From believer to dOER
It was in May of 2013 that I first heard David Wiley speak about open textbooks. That experience catalyzed my involvement with reviewing, adopting, and adapting open educational resources (OER). In May of 2014 I heard David speak once again (as the keynote speaker at last year’s Open Textbook Summit). Since then I have been immersed in research projects on the impact and efficacy of OER, advocacy as a Faculty Fellow with BCcampus (including a number of workshops at universities in BC), and a second open textbook revision. Of course all of this means that it has been rather too long since my last post and that I have a number of open education-related updates to share:
1. I recently concluded the data collection phase of a major survey of BC faculty who have adopted open educational resources (OER) in the classroom. The online survey was a collaboration with BCcampus, with whom I work as a Faculty Fellow (along with Christina Hendricks and Jessie Key), and Beck Pitt of the UK-based OER Research Hub. We are currently in the process of analyzing these data but the preliminary results look very promising. Among other things, the responses to the survey will shed more light on the types of OER that faculty have been using, their motivations for using OER, barriers, enablers, and a host of other contextual information that will help us to develop roadmaps for OER adoption and adaptation within the BC post-secondary context.
2. I just launched a major survey of BC students aimed at assessing the impact of open textbook adoption on their personal and educational outcomes, including cost savings, employment status, course performance, and program completion rates.
3. I am collaborating with my colleagues Farhad Dastur and Richard Le Grand in carrying out a quasi-experimental investigation of the impact of open textbook adoption on students taking introductory psychology at KPU.
4. Also with Farhad Dastur, I developed a course on Research Methods in Psychology for Thompson Rivers University’s Open Learning Division and the OERu. The course is unique in that it has been constructed entirely with OER and resides in Wikieducator.
5. I am putting the finishing touches to a chapter I wrote titled “Unleashing openness in the teaching of introductory psychology.” The chapter will be published later this year in a book about Thematic Approaches to Teaching Introductory Psychology. As soon as it is ready I will post a copy on this site. [Update (May 24, 2015): A pre-publication copy is now available online].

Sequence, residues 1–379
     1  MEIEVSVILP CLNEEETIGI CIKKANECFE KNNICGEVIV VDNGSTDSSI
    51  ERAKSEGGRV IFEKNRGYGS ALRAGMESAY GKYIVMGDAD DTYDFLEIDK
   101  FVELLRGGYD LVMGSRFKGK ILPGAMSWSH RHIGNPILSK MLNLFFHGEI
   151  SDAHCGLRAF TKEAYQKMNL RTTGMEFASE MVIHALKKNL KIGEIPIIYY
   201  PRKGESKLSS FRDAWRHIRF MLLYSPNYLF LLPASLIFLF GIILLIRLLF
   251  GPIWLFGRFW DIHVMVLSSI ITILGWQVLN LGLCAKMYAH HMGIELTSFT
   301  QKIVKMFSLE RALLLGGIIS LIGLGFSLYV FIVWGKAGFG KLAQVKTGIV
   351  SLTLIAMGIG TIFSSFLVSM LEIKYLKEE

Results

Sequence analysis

6. I co-facilitated a webinar during Open Education week titled “Distinguishing the dOERs” during which Beck Pitt and I shared some data from our research on faculty adopters and adapters of OER.
7. Over the next few months I will give a number of presentations about open textbooks, open educational resources, and open pedagogy at a variety of meetings and conferences, including the following:
- “Using open pedagogy to promote critical skill development” at the Teaching Introductory Psychology – North West Conference
- “Giving psychology away: The impact of open textbook adoption on psychology students” at the 2015 Psychology Articulation Meeting.
- “An openness to openness: The terrifying and liberating process of disrupting higher education” – the keynote address at the 2015 Open Textbook Summit. Vancouver, Canada
- “Academic librarians and OER: Access, advocacy, and activism” at the 2015 BC Library Conference, Vancouver, Canada.
I am looking forward to each of these but was especially honoured to be invited to deliver the keynote address at the Open Textbook Summit. I am not yet certain that I am deserving of following in David’s footsteps but will do my darndest to deliver a memorable experience.
8. Finally, I should say that it has been wonderful to see the Open Education movement get so much local press lately. Given that awareness of OER is still a major barrier, I have been delighted to see press releases from the Ministry of Advanced Education, an interview with CBC Radio, and articles in the Surrey Now, Indo-Canadian Voice, Chilliwack Times, and The Link feature our work. This coverage really helps raise awareness and build momentum which, together with a supportive institutional culture, will create more many more believers and, I daresay, a few more dOERs.